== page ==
Maria Campbell '11:
Civil Engineering Student LEEDs the Way
Maria Campbell ’11, civil engineering, spent summer 2010 researching how to bring Santa Clara’s existing buildings up to U.S. Green Building Council standards for LEED EB (Leadership in Energy and Environmental Design Existing Buildings).
Working under the direction of Joe Sugg, assistant vice president of University Operations, Campbell’s research involved taking a close look at individual buildings on campus, determining how each one is using resources, and finding possible ways to reduce each structure’s ecological footprint.
Along with consultants Swinerton Builders and Todd Jersey Architects, Campbell considered how campus buildings could be more sustainable if certain renovations were made. “We also investigated how normal upkeep could be more sustainable, and we checked into storm-water management while considering exterior hardscapes that affect building efficiency. It’s a little tricky finding ways to minimize heat gain for our campus structures while maintaining the mission aesthetic, but there are things we can do if we’re creative,” she said.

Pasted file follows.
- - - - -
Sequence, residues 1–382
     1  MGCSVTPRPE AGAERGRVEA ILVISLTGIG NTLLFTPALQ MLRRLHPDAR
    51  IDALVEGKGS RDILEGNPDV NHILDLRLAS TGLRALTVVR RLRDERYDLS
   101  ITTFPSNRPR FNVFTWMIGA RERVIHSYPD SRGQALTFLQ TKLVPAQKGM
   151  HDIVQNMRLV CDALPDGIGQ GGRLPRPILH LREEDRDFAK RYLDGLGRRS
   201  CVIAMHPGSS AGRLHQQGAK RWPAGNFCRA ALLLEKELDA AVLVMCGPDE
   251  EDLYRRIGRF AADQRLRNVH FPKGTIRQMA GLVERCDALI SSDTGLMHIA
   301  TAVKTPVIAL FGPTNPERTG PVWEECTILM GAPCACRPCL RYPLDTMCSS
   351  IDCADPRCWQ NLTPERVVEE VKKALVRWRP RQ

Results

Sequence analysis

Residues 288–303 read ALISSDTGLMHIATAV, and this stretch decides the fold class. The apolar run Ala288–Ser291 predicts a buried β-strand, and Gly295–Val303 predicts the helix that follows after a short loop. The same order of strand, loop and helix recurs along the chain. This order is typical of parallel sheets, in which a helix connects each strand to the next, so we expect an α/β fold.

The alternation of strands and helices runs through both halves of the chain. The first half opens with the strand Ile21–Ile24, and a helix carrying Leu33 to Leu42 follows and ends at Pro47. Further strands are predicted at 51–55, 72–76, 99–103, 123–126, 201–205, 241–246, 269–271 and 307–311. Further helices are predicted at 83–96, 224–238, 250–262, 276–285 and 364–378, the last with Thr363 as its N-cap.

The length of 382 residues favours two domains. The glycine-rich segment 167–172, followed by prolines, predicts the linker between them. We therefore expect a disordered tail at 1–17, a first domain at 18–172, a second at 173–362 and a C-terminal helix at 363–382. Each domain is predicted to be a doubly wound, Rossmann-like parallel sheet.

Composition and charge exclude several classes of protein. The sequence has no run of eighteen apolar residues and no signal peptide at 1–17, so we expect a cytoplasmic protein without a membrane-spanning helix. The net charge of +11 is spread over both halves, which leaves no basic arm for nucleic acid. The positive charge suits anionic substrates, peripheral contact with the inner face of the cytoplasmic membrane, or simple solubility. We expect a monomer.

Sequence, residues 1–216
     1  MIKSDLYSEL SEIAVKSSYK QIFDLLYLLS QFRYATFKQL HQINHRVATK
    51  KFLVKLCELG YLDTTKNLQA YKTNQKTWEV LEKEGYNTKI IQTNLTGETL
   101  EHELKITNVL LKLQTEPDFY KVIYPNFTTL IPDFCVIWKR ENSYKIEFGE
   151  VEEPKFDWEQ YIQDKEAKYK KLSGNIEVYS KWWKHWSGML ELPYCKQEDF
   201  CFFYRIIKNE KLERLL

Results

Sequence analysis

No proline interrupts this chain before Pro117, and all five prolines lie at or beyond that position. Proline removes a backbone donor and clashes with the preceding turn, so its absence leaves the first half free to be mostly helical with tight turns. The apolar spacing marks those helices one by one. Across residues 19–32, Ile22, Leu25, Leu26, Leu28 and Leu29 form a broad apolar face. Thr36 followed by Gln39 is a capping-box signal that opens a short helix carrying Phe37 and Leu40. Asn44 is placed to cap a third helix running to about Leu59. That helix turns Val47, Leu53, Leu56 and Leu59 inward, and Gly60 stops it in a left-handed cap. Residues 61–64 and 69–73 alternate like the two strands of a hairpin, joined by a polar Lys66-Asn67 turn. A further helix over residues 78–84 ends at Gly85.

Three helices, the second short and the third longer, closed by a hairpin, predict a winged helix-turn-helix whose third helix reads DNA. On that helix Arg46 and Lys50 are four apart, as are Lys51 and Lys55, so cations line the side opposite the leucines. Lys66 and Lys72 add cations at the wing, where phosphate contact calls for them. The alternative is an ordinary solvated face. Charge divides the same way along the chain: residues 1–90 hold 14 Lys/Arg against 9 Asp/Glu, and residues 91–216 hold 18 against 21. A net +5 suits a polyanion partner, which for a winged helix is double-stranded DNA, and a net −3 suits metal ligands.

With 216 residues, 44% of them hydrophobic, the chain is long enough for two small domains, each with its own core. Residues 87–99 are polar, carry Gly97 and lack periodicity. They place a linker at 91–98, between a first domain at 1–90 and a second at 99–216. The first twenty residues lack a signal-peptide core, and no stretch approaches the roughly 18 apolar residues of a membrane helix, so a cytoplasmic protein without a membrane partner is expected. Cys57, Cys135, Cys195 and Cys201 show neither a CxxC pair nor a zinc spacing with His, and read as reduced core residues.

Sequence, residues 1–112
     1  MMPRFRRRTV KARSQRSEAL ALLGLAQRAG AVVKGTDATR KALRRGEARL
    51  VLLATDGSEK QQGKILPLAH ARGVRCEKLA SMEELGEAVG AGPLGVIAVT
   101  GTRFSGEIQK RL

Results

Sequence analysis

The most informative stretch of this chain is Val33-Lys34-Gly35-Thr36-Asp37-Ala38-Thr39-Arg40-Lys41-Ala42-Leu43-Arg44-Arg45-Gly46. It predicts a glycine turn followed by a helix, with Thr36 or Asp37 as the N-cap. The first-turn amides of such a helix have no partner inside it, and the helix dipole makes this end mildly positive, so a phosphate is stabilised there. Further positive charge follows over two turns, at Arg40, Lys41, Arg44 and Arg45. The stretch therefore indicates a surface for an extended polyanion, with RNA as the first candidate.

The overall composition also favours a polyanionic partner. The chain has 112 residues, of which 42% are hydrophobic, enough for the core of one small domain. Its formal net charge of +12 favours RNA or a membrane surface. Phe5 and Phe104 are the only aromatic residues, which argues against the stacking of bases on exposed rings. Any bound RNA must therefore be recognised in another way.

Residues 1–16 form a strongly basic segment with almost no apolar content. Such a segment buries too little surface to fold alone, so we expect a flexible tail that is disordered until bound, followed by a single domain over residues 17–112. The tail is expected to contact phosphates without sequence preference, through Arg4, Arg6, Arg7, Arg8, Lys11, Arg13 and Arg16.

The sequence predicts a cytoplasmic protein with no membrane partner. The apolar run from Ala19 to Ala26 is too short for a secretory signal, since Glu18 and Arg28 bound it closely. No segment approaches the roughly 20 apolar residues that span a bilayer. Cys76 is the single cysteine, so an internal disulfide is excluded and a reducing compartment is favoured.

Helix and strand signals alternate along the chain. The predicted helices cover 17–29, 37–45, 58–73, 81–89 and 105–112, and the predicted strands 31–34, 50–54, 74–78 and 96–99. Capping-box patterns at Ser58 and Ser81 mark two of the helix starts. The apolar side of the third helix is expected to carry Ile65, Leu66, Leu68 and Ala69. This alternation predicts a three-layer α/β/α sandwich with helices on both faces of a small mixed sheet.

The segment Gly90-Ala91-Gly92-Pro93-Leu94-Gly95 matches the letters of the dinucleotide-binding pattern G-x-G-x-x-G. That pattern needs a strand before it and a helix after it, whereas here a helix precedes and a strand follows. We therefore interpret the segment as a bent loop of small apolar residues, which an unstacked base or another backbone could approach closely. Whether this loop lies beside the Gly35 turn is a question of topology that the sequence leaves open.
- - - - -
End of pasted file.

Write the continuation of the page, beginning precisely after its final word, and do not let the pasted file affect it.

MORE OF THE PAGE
Unlike many of SCU’s students, Campbell was self-supporting as an undergraduate and worked on campus in a number of capacities before taking on the job of managing SCU’s LEED EB certification process. “I learned a lot that summer,” Campbell said. “I also studied for and received LEED green associate accreditation. Joe encouraged me to get my accreditation and the University reimbursed me as part of the project, so it was really good.”
Campbell’s LEED research is part of the University’s deep commitment to sustainability and environmental justice. “SCU has high standards and supports individuals who work hard,” she said. “I was working for the Santa Clara Valley Water District, Mathnasium Learning Center, and the Graduate Business Programs at SCU. It was a challenge to manage everything, but I definitely didn’t do it alone.”
"This school has given me a lot—helping me with scholarships and financial aid, internship opportunities, and then this project. I definitely wouldn’t have been here without SCU’s help, so it felt good to be working on something that gives back to the school and does something healthy for our planet, too.”
“Sustainability is the way of the future,” she added. “If we don't find ways to impact our environment less, we will have to face the consequences. This was a way for me to give back and help the University that helped me so much in my undergraduate career.”